Tent

A forum to discuss camping equipment- tents, pads, water purification, etc.

Moderators: chrstjrn, krudave

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chrstjrn
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Post by chrstjrn »

And I prefer my one-pound tarp, which was made by Go-lite but is out of production. You can make the exact same tarp, though, with the kit from here:
http://www.ray-way.com/tarp-nettent/index.shtml

I've been through several storms in this, including snow, and it's terrific. I wouldn't take it for "winter camping", though-- it's a mid-Spring to mid-Autumn affair.
Chris T.
~'91 Klepper A2 w/ BSD schooner rig.
'64 Klepper Passat/Tradewind and T12 restoration projects.
Non-folding: Early '90s Old Town Canoe.
Previously owned '04 Pakboat Puffin II and '05 Swift (prototype), as well as an '84 Hobie 16.

john allsop
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Location: isles of scilly UK

tent

Post by john allsop »

At 70 I prefer a tent. The vango I mentioned is called force 10 (not force 8 ) they now cost 400-500 eureo,s depending on size, I just checked, not cheap, but if looked after they last. It,s just the pegs which gave me problems on rock.

Springwalker

Post by Springwalker »

You are right, this is not the tent for hiking, though it was beginning 50s. I will use it when i go for a small trip to one larger lake where i plan to stay for one week or so.

Rick

Post by Rick »

I have the Eureka mountain pass 2 xtc. For the money it's an excellent tent. It packs down very well, and is reasonably light with a full coverage rain fly. I spent a fairly comfortable night in it with high winds at 11k feet. It has served me well on many snowy, rainy, and beautiful nights.

Springwalker

Post by Springwalker »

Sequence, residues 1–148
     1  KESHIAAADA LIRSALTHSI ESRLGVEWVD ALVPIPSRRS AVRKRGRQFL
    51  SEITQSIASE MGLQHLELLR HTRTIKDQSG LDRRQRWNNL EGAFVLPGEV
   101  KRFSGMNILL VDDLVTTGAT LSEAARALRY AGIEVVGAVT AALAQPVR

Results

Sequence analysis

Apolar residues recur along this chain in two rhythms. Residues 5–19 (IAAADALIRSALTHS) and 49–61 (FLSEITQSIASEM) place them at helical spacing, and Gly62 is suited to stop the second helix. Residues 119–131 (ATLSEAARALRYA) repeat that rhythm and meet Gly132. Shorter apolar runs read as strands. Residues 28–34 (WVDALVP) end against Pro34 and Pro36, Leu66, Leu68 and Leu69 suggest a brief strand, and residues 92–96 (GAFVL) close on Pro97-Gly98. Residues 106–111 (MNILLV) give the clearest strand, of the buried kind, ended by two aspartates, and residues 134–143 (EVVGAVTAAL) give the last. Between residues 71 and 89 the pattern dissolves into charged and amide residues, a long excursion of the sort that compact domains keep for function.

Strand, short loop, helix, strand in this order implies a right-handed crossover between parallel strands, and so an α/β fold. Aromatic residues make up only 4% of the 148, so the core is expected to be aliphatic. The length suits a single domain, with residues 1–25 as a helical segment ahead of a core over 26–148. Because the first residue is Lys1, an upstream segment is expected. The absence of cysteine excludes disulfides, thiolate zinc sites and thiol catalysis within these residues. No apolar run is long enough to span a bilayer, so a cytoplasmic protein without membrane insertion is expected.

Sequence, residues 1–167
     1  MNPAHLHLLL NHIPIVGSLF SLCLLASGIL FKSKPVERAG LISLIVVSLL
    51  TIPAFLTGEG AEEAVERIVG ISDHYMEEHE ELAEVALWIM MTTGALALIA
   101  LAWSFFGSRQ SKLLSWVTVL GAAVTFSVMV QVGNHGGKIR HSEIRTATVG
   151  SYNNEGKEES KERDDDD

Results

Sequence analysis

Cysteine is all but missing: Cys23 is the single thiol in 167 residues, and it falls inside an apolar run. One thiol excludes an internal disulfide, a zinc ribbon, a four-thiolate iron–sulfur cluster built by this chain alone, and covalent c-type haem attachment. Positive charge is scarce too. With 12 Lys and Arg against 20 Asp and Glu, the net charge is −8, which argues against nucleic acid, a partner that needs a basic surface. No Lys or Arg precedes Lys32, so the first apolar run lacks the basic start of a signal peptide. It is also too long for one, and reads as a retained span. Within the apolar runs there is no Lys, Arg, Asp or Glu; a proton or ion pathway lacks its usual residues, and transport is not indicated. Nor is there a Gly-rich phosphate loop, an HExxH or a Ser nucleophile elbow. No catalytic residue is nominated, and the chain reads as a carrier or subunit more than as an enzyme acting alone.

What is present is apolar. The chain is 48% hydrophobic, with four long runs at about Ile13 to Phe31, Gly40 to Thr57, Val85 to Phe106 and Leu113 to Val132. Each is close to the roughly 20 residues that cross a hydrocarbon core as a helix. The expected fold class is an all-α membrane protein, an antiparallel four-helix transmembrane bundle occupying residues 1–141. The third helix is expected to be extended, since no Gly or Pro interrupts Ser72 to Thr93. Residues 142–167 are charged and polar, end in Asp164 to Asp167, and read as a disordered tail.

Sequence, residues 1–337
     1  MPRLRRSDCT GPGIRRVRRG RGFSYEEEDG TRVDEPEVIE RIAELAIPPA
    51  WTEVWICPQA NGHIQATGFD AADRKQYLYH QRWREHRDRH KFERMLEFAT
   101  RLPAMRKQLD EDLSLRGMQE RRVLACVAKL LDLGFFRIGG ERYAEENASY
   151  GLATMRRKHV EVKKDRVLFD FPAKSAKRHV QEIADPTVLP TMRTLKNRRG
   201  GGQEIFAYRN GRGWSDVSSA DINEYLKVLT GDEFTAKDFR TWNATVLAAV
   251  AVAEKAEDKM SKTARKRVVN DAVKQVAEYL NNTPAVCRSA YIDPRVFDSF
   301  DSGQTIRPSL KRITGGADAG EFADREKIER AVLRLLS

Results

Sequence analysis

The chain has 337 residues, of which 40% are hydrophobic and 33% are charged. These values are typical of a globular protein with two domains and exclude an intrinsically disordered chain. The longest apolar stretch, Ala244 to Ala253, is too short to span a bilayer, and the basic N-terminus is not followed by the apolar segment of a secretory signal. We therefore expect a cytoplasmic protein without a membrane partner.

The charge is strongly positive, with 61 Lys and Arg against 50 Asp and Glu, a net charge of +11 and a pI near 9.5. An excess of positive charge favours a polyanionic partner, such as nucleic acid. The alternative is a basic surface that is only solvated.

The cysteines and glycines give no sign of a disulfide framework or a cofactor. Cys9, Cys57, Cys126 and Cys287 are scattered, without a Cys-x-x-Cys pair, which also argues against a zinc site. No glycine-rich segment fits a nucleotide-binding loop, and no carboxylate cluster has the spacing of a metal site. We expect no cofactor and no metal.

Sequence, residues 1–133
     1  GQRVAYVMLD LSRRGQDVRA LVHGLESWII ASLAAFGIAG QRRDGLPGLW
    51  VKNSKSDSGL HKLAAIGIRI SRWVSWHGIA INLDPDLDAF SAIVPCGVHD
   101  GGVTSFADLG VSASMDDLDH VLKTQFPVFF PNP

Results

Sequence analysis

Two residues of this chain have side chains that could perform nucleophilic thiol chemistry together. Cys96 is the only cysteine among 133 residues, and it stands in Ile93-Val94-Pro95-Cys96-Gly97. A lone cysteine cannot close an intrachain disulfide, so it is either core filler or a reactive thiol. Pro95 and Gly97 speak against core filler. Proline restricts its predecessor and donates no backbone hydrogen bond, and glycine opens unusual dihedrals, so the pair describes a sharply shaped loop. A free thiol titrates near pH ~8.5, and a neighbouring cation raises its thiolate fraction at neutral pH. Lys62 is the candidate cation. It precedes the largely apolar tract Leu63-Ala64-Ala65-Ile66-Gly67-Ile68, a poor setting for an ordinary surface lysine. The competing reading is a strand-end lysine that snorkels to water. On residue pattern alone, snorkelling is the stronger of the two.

John: yes, i'd seen the Vango 10, one it is currently listed here http://cgi.ebay.de/ws/eBayISAPI.dll?%20 ... rack=true. Lookes great! Styling is similar to the Klepper. Bought a second tent, a cotton oldschool Pouch (Eastern Germany) from 1990, looking forward to receive.

Springwalker

Post by Springwalker »


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chrstjrn
Brotherhood of the Golden Paddle
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Post by chrstjrn »

Tents have their place, but in the seasons I mentioned the tarp is drier and more comfortable-- also closer to nature and lighter.
Chris T.
~'91 Klepper A2 w/ BSD schooner rig.
'64 Klepper Passat/Tradewind and T12 restoration projects.
Non-folding: Early '90s Old Town Canoe.
Previously owned '04 Pakboat Puffin II and '05 Swift (prototype), as well as an '84 Hobie 16.

Kapitän von Klepper

Post by Kapitän von Klepper »

chrstjrn wrote:Tents have their place, but in the seasons I mentioned the tarp is drier and more comfortable-- also closer to nature and lighter.
I'm still debating between camping or pubing (?) for my upcoming Euro kayaking marathon. Camping could seriously reduce my trip overhead. How do you feel about tarps and summer canal touring?

-Andreas

Paul
knight of the folding kayak realm
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Location: Spruce Head, Maine

Post by Paul »